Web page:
What are Plutonium Alloys ?
Plutonium is a transuranic radioactive chemical element with the chemical symbol Pu and atomic number 94. It is an actinide metal of silvery-gray appearance that tarnishes when exposed to air, forming a dull coating when oxidized. The element normally exhibits six allotropes and four oxidation states. It reacts with carbon, halogens, nitrogen and silicon.
When exposed to moist air, it forms oxides and hydrides that expand the sample up to 70% in volume, which in turn flake off as a powder that can spontaneously ignite. It is also radioactive and can accumulate in the bones. These properties make the improper handling of plutonium dangerous.
Plutonium is the heaviest primordial element by virtue of its most stable isotope, plutonium-244, whose half-life of about 80 million years is just long enough for the element to be found in trace quantities in nature. Plutonium is also a byproduct of nuclear fission in reactors: Some of the neutrons released by the fission process convert uranium-238 nuclei into plutonium.The most important isotope of plutonium is plutonium-239, with a half-life of 24,100 years. Plutonium-239 is the isotope most useful for nuclear weapons. Plutonium-239 and 241 are fissile, meaning the nuclei of their atoms can split when bombarded by thermal neutrons, releasing energy, gamma radiation and more neutrons. These neutrons can sustain a nuclear chain reaction, leading to applications in nuclear weapons and nuclear reactors.
Plutonium, like most metals, has a bright silvery appearance at first, much like nickel, but it oxidizes very quickly to a dull gray, although yellow and olive green are also reported. At room temperature plutonium is in its ? form (alpha). This, the most common structural form of the element (allotrope), is about as hard and brittle as grey cast iron unless it is alloyed with other metals to make it soft and ductile. Unlike most metals, it is not a good conductor of heat or electricity.
It has a low melting point (640 °C) and an unusually high boiling point (3,327 °C). Plutonium was first synthesized in 1940 by a team led by Glenn T. Seaborg and Edwin McMillan at the University of California, Berkeley laboratory by bombarding uranium-238 with deuterons. Trace amounts of plutonium were subsequently discovered in nature. Producing plutonium in useful quantities for the first time was a major part of the Manhattan Project during World War II, which developed the first atomic bombs.
The first nuclear test, “Trinity” (July 1945), and the second atomic bomb used to destroy a city (Nagasaki, Japan, in August 1945), “Fat Man”, both had cores of plutonium-239. Human radiation experiments studying plutonium were conducted without informed consent, and a number of criticality accidents, some lethal, occurred during and after the war.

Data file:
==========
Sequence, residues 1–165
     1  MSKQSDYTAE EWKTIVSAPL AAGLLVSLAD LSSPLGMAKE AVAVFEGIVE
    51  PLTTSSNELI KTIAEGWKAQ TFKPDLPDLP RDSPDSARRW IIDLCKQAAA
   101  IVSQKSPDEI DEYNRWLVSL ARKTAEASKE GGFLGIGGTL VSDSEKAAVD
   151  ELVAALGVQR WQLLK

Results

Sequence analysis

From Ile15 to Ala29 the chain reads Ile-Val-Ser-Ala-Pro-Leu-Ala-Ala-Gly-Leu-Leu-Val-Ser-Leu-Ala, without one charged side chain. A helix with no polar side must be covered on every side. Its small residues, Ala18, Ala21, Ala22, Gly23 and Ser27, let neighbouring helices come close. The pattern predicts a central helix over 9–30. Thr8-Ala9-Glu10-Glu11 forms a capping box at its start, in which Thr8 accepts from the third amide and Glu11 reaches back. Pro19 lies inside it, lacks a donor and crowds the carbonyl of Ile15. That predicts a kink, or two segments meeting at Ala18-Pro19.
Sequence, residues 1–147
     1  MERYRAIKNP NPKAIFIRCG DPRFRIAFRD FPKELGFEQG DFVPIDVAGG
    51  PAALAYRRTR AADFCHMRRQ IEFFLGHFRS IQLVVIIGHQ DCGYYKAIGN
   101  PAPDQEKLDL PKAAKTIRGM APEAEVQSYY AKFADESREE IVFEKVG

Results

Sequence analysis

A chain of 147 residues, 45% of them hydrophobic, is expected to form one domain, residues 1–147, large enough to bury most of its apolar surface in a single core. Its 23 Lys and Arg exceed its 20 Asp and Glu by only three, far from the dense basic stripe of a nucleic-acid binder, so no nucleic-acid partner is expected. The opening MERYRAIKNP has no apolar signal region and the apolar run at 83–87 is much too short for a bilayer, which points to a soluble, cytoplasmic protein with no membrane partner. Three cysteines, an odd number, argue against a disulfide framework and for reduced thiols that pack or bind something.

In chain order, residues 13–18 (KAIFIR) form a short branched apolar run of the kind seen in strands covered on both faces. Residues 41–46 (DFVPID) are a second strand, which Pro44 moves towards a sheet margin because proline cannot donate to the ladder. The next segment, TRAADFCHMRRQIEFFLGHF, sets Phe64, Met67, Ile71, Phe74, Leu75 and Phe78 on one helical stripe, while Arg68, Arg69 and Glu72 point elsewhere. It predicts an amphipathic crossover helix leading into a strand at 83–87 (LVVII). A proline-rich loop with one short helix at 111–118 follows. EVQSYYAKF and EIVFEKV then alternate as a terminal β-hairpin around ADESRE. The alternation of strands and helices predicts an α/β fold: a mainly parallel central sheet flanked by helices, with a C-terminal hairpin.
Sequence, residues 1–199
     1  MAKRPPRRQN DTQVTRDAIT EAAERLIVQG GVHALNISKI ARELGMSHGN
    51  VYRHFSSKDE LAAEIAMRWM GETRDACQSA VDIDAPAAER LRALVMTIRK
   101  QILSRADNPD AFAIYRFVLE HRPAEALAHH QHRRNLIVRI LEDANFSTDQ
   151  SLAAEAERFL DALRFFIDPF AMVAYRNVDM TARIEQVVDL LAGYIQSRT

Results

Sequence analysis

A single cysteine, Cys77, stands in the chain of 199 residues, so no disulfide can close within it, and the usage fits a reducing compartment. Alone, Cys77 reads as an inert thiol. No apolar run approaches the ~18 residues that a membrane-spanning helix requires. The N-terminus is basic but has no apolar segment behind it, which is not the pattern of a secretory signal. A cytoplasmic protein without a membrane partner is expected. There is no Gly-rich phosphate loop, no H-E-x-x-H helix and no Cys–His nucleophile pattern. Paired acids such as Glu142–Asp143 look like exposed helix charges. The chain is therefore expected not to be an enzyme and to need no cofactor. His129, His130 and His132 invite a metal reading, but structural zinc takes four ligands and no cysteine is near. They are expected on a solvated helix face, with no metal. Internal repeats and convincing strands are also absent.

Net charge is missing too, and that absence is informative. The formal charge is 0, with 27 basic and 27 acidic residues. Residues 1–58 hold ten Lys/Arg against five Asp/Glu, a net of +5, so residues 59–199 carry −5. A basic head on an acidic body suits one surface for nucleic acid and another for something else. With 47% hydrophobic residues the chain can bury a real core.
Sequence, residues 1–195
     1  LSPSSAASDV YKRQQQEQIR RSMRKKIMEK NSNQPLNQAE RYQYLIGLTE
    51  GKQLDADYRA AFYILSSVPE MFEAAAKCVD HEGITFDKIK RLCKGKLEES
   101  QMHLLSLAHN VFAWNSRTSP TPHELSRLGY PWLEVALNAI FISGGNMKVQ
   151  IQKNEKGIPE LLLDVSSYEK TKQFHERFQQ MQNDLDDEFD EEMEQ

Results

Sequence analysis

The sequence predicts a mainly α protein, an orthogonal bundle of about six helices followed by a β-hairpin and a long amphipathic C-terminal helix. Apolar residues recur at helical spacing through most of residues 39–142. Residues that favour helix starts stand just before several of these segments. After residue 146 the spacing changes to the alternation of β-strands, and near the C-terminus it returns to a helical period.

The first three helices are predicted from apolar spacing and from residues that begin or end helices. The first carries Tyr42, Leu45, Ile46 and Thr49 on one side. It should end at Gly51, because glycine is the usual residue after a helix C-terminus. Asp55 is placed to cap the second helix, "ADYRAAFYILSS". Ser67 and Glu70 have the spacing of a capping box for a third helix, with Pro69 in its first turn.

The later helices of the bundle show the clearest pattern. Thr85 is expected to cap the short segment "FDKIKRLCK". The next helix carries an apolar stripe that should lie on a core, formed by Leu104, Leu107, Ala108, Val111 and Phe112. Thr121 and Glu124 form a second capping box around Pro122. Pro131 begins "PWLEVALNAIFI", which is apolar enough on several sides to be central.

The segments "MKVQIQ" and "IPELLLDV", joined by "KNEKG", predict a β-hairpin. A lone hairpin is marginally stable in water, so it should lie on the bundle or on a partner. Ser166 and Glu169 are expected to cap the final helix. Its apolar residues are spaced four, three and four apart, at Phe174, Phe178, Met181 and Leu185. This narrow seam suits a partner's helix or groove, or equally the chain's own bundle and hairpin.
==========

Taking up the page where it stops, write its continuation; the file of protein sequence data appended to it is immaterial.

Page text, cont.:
Plutonium-238 has a half-life of 88 years and emits alpha particles. It is a heat source in radioisotope thermoelectric generators, which are used to power some spacecraft. Plutonium-240 has a high rate of spontaneous fission, raising the neutron flux of any sample it is in. The presence of plutonium-240 limits a sample’s usability for weapons or reactor fuel, and determines its grade. Plutonium isotopes are expensive and inconvenient to separate, so particular isotopes are usually manufactured in specialized reactors.
Plutonium-gallium alloy (Pu-Ga) is an alloy of plutonium and gallium, used in nuclear weapon pits – the component of a nuclear weapon where the fission chain reaction is started. Metallic plutonium has several different solid allotropes. The preferred alloy is 3.0–3.5 mol.% (0.8–1.0 wt.%) gallium. More modern pits are produced by casting.
However, the phase change is useful during the operation of a nuclear weapon. Gallium tends to segregate in plutonium, causing “coring” – gallium-rich centers of grains and gallium-poor grain boundaries. The time to achieve homogenization of gallium increases with increasing grain size of the alloy and decreases with increasing temperature. Two stabilizing elements were considered, silicon and aluminium. However, only aluminium produced satisfactory alloys. There are several plutonium and gallium intermetallic compounds : PuGa, Pu3Ga, and Pu6Ga.
Addition of 7.5 wt.% of plutonium-238, which has significantly faster decay rate, to the alloy increases the aging damage rate by 16 times, assisting with plutonium aging research. The Blue Gene supercomputer aided with simulations of plutonium aging processes. Presence of gallium in plutonium signifies its origin from weapon plants or decommissioned nuclear weapons. For reprocessing of surplus warhead pits into MOX fuel, the majority of gallium has to be removed as its high content could interfere with the fuel rod cladding (gallium attacks zirconium and with migration of fission products in the fuel pellets.
In the ARIES process, the pits are converted to oxide by converting the material to plutonium hydride, then optionally to nitride, and then to oxide. Gallium is then mostly removed from the solid oxide mixture by heating at 1100°C in a 94% argon 6% hydrogen atmosphere, reducing gallium content from 1% to 200 ppm. Further dilution of plutonium oxide during the MOX fuel manufacture brings gallium content to levels considered negligible. Electrorefining is another way to separate gallium and plutonium.
For weapons use, the plutonium pit parts have to be coated with a layer of another metal. Subsequent pits were coated with nickel, by exposing the plutonium parts to nickel tetracarbonyl gas, which reacts with the plutonium surface and deposits a thin layer of nickel. Plutonium alloys can be produced by adding a metal to molten plutonium.
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